Ammoland.com ran a story on a Wisconsin gun shop that has, since 2009, been handing the names of its customers over to the local constabulary, allowing The Man to look for criminals. Brew City Shooters Supply (BCSS) in its previous incarnation as Badger Guns, had been a source of straw purchased guns that later turned up in crimes. The, um, open book policy exists as part of an attempt to reform the reputation of the business . . .Wisconsin Carry is not amused:
Wisconsin Carry rejects the use of public resource to run background checks on law abiding citizens with no probable cause or reasonable suspicion whether those citizens were using a firing range, attending church, going to the grocery store, or stopping in a corner tavern for a cocktail.
I can see how this is a creative way to reform a business that had developed a bad rep. No gun shop owner wants to sell to a criminal, but candidly, straw purchasers can be hard to catch. I could buy a gun a week and never raise any suspicion, what with my good looks and abundant charm. It might be years before I was busted for being a straw purchaser, and only then after a gun is recovered as evidence at a crime scene. By then, the bad thing would have already happened.
Best case scenario is someone buys one gun a week. The first week: “Pleasure doing business with you – enjoy your Hi-Point nine.” Second week: “Another Hi-Point nine, huh?” Third week: ATF cuffs the perp. That’s a best case illegal straw purchaser bust, yet two guns are already in the hands of criminals. Brew City’s Shooters’ policy of running names past the cops has a certain logic to it if you want to repel the criminal class.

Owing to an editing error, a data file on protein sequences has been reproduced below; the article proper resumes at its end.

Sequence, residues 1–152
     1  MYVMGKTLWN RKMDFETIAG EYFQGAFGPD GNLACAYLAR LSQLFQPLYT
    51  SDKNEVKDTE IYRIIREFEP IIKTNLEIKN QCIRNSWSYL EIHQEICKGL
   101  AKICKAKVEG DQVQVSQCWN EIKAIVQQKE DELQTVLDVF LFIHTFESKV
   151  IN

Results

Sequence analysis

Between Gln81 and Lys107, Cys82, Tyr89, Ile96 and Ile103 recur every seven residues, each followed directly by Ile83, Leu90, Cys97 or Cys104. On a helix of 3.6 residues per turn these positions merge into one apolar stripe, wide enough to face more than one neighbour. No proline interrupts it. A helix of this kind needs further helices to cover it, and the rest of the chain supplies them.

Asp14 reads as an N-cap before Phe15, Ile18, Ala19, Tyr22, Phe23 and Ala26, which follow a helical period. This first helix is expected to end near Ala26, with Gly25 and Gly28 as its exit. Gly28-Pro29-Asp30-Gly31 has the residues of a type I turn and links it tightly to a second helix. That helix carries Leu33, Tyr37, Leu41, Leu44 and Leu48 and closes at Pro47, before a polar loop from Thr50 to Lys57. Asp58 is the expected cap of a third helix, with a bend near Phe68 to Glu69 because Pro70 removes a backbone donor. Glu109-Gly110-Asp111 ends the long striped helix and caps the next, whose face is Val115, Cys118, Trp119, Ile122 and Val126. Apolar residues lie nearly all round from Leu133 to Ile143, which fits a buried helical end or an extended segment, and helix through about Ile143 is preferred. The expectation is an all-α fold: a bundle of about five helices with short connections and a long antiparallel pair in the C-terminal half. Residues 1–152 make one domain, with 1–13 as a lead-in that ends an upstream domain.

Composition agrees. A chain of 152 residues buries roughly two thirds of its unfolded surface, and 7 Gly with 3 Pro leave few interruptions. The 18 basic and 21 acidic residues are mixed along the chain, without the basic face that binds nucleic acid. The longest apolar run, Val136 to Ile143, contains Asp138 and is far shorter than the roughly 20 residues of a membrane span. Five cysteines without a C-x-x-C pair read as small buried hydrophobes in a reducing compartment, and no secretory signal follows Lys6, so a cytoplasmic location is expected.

That said, what’s missing in this burst of civic responsibility is that only the social evil is being accounted for. As economic theorist Frederic Bastiat noted in his broken windows fallacy, no one considers what has not been seen. We see the two cops who have been shot, we do not see the two shop owners who repelled a deadly stickup just by having a gun.
The central premise of the bad reputation this gun shop acquired is that the social good of self-defense and responsible firearms handling nurtured at their gun range is outweighed by the social evil brought about by guns that made their way out in their shop and ended up in the hands of criminals. I’m not convinced this calculation is correct – I invite the Chief of Police to please show his work.
BCSS is in a part of town that has seen better days. Checking it out on Google Maps, it looks just like the area where the only public gun range in the city of St. Louis is located. I truly wish more people in urban areas – where the need for self-defense is most acute – would spend more time at a range and taking responsibility for themselves. In the process of keeping out the riff-raff, how many honest citizens are being turned away and what’s that cost? While we can see the drop in BCSS guns getting in the hands of criminals, we will never see the crime that wasn’t prevented.
It’s not my gun shop. And I can always take my happy ass up the road where the shop owner isn’t so cozy with The Man. My beef is that this policy of sharing names with authorities isn’t made clear on the website and apparently not spelled out for their members. Also from the Ammoland article:
Having spoken with members of WCI who frequent Brew City Shooters Supply, though they were aware they signed a liability release to use the range, they were NOT aware in any way that their use of the range was being reported to West Milwaukee Police Department.
The local po-po have no business running any kind of check without probable cause. It will be interesting to see if their clients agree.